On October 26, 2014 Adore Yoga, a local yoga studio in Mosman near VIVA! Communications’ office, organised a very special yoga class to raise money for women’s cancer research.

VIVA! donated to the cause and supported Adore Yoga’s second Pink Yoga event with a team in pink. The region’s largest yoga class saw Team VIVA! and approximately 150 Sydney-siders of all ages enjoy a two-hour yoga and meditation class.

The event was organised by yoga therapist and mother-of-two, Nikola Ellis, who led the sunny Sunday class, raising approximately $5,500 for Cancer Council NSW.

“It was just spectacular. The weather was beautiful and everyone turned up in their finest pink,” Ms Ellis said.

“Everyone came with such open hearts and the atmosphere was great.

“Thank you to everyone for making Pink Yoga 2014 such a special day,” said Ms Ellis.

Breast cancer is the most common cancer in women, with 14,181 Australian female cases diagnosed in 2010.1

This year, experts estimated 15,270 Australian women would be diagnosed with breast cancer1 which translates into approximately 42 Australian women each day receiving a breast cancer diagnosis. Notably, breast cancer is the second leading cause of cancer-related deaths among Australian women, accounting for the passing of 2,914 women in 2011.2,3,4

Sadly, for 2015 and 2016 the numbers of women contracting breast cancer are predicted to increase to 15,600 and 15,930 cases per year.1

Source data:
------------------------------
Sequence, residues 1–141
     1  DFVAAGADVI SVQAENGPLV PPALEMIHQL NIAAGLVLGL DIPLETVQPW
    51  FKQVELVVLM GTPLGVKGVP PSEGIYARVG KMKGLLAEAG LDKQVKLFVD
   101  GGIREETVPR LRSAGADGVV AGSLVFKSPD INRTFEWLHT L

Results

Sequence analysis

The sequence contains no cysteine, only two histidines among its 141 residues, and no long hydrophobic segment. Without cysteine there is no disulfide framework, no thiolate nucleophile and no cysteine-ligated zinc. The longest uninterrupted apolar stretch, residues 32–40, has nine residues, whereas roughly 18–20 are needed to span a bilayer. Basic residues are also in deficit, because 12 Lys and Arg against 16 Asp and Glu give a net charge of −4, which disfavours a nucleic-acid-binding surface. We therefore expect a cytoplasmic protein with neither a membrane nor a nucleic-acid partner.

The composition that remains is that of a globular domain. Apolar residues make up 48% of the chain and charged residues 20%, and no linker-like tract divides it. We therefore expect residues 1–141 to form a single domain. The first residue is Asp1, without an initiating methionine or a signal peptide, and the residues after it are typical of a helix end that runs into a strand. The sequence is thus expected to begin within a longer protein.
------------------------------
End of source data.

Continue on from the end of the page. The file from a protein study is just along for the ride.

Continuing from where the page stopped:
Between 5-10 per cent of breast cancer cases are believed to occur due to a strong family history or a genetic mutation. Yet, a woman’s risk of breast cancer increases with age, with the majority of women being diagnosed between 50 and 69 years of age.2

Little is known about the causes of breast cancer and why Australian cases are dramatically and steadily increasing. According to Cancer Council Australia, other risk factors that may predispose women to breast cancer may include: 4,5

  • inheritance of mutations in the genes
  • exposure to female hormones (natural and administered)
  • obesity (poor diet and inadequate exercise) and
  • excess alcohol consumption.

This reinforces the need for breast cancer research and awareness. International initiatives, including the Know Your Lemons campaign, aim to increase awareness of, and support women in the detection of breast cancer.

The campaign urges women to ‘get to know your lemons’ and to understand what breast cancer ‘looks and feels like’. If you find any changes, like a little bump or skin erosion, head straight to your doctor.


  1. Australian Institute of Health and Welfare 2012. Cancer incidence projections: Australia, 2011 to 2020. Cancer Series no. 66. Cat. No. CAN 62. Canberra: AIHW.
  2. Breast Cancer Network Australia. About Breast Cancer. http://www.bcna.org.au/about-breast-cancer [last accessed November 6, 2014].
  3. Australian Cancer Incidence and Mortality (ACIM) Books – Breast cancer for Australia (ICD10 C50). http://www.aihw.gov.au/acim-books/  [last accessed November 6, 2014].
  4. Cancer Council Australia. Breast Cancer. http://www.cancer.org.au/about-cancer/types-of-cancer/breast-cancer.html [last accessed November 6, 2014].
  5. Know Your Lemons Awareness Campaign. http://knowyourlemons.com/ [last accessed November 6, 2014].